Diversification and Livelihood Options: A Study of Two Villages in Andhra Pradesh, India 1975–2001

Deb, U K and Nageswara Rao, G D and Rao, Y M and Slater, R (2002) Diversification and Livelihood Options: A Study of Two Villages in Andhra Pradesh, India 1975–2001. Working Paper. Overseas Development Institute, London, Uk.

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This report is based on research funded by the UK Department for International Development (DFID). The opinions expressed in the paper are those of the authors and do not necessarily reflect the views of DFID.


The diversification of rural livelihoods is the subject of a growing amount of conceptual and policybased research. This paper reports on the findings from a re-survey and longitudinal panel survey carried out in the villages of Aurepalle and Dokur in Mahbubnagar District in Andhra Pradesh, India. This is a particularly valuable data source since these villages have been surveyed at intervals by ICRISAT since 1975 and have enabled an analysis of changing rural livelihoods over time. Agriculture remains the most important source of livelihood in both villages, though the relative importance of crop cultivation has decreased, as has real income from crops. Agriculture has become an increasingly risky pursuit and households have sought other sources of income, most notably through migration for agricultural labour in other villages or for wage labour in urban areas such as Hyderabad. Whilst there are a small number of cases where diversification has enabled households to lift themselves significantly above the poverty line, the overwhelming experience of diversification is as a coping strategy. Mahbubnagar District experienced drought in 1997–8 and between 1999 and 2001. The intervening years were characterised by only average rainfall. It remains to be seen, therefore, whether the diversification into non-farm activities is a short-term response to adverse agricultural terms of trade and ecological uncertainty brought about as a result of extended drought or whether diversification represents a long-term move away from agricultural livelihoods in rural areas that will be sustained. The prospects for a return to agriculture in the future will be diminished if population density continues to rise and limited by the gradual erosion of agricultural assets, such as land and large livestock like cattle and buffalo. The findings from this re-survey of two villages raise important policy challenges for government and other stakeholders in Mahbubnagar District, in Andhra Pradesh and in the semi-arid tropics of India more generally. Whilst government policy and state interventions are made along sectoral lines, household livelihoods are highly diverse. Policy-makers need to reflect on the most suitable ways of supporting this diversity, for example by facilitating access to the assets that people draw on to diversify or by ensuring that agriculture is less risky and agricultural assets are not eroded during periods of uncertainty. Only with more appropriate policies that recognise the importance of diversity will it be possible for more people to make positive exits from poverty through diversification.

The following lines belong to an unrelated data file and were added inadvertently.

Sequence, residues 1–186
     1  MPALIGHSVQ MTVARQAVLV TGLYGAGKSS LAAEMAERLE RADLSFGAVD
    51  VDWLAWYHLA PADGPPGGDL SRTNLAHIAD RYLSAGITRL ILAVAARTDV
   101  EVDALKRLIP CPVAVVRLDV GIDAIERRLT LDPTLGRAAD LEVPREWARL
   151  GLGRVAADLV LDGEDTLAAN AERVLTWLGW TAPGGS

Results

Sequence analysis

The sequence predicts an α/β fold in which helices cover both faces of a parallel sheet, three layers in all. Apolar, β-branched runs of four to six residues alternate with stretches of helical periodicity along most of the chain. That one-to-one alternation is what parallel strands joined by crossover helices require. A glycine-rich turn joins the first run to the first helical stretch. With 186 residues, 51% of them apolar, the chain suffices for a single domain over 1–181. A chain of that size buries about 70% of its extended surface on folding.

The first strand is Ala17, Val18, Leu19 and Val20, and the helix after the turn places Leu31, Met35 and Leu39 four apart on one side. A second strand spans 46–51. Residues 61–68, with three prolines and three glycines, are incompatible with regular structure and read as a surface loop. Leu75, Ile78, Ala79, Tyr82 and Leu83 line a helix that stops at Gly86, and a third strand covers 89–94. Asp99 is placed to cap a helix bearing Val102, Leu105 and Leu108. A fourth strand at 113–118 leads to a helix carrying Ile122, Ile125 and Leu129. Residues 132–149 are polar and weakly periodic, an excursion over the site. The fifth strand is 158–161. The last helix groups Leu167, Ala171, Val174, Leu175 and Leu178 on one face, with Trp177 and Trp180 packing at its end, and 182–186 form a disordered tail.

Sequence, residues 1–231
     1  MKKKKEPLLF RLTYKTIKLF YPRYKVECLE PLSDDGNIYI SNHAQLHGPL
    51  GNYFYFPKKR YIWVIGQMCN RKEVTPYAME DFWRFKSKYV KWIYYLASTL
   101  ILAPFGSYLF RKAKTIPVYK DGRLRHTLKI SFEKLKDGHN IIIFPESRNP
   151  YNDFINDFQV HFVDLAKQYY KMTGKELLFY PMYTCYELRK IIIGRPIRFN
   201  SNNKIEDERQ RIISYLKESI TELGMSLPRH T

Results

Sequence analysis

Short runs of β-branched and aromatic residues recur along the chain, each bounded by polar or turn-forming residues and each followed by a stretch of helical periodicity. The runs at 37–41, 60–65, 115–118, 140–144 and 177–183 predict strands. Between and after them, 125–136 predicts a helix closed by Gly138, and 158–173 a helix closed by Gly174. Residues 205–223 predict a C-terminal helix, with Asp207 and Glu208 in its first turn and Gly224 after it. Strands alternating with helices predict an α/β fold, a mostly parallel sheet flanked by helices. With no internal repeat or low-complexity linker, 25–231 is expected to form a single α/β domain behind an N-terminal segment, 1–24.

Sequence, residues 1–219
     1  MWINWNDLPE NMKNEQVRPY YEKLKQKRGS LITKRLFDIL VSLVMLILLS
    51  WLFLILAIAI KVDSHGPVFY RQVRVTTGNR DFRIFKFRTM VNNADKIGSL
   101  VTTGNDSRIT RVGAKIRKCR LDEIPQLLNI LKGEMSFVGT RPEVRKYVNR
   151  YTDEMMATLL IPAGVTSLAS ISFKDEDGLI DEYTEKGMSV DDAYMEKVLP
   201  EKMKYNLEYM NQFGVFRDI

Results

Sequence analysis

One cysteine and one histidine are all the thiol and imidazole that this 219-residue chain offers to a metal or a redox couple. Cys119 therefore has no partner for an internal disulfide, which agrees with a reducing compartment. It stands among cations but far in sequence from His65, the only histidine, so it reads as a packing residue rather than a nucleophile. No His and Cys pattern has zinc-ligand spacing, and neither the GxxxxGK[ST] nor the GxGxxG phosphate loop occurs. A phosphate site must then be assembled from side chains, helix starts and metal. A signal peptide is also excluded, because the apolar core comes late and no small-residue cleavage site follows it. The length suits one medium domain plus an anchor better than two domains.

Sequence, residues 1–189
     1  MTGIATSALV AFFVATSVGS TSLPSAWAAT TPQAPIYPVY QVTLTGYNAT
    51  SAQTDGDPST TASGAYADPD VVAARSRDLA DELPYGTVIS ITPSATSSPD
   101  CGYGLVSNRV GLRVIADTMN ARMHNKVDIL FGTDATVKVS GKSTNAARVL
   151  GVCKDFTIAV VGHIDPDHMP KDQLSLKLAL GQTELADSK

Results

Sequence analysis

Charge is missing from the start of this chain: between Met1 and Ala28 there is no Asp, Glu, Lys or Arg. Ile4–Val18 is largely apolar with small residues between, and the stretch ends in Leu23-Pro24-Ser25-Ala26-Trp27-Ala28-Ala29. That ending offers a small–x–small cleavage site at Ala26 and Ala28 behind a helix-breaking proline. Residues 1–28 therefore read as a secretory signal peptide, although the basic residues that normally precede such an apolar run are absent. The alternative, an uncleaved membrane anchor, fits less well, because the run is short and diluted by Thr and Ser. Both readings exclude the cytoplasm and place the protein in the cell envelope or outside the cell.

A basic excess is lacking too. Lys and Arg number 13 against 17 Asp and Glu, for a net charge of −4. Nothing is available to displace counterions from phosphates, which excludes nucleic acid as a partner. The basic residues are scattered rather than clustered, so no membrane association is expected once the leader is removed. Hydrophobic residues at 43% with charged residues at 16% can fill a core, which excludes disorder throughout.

Item Type: Monograph (Working Paper)
Subjects: Others > Agriculture-Farming, Production, Technology, Economics
Depositing User: Mr Sanat Kumar Behera
Date Deposited: 26 Oct 2013 13:06
Last Modified: 28 Oct 2013 04:08
URI: http://oar.icrisat.org/id/eprint/7203
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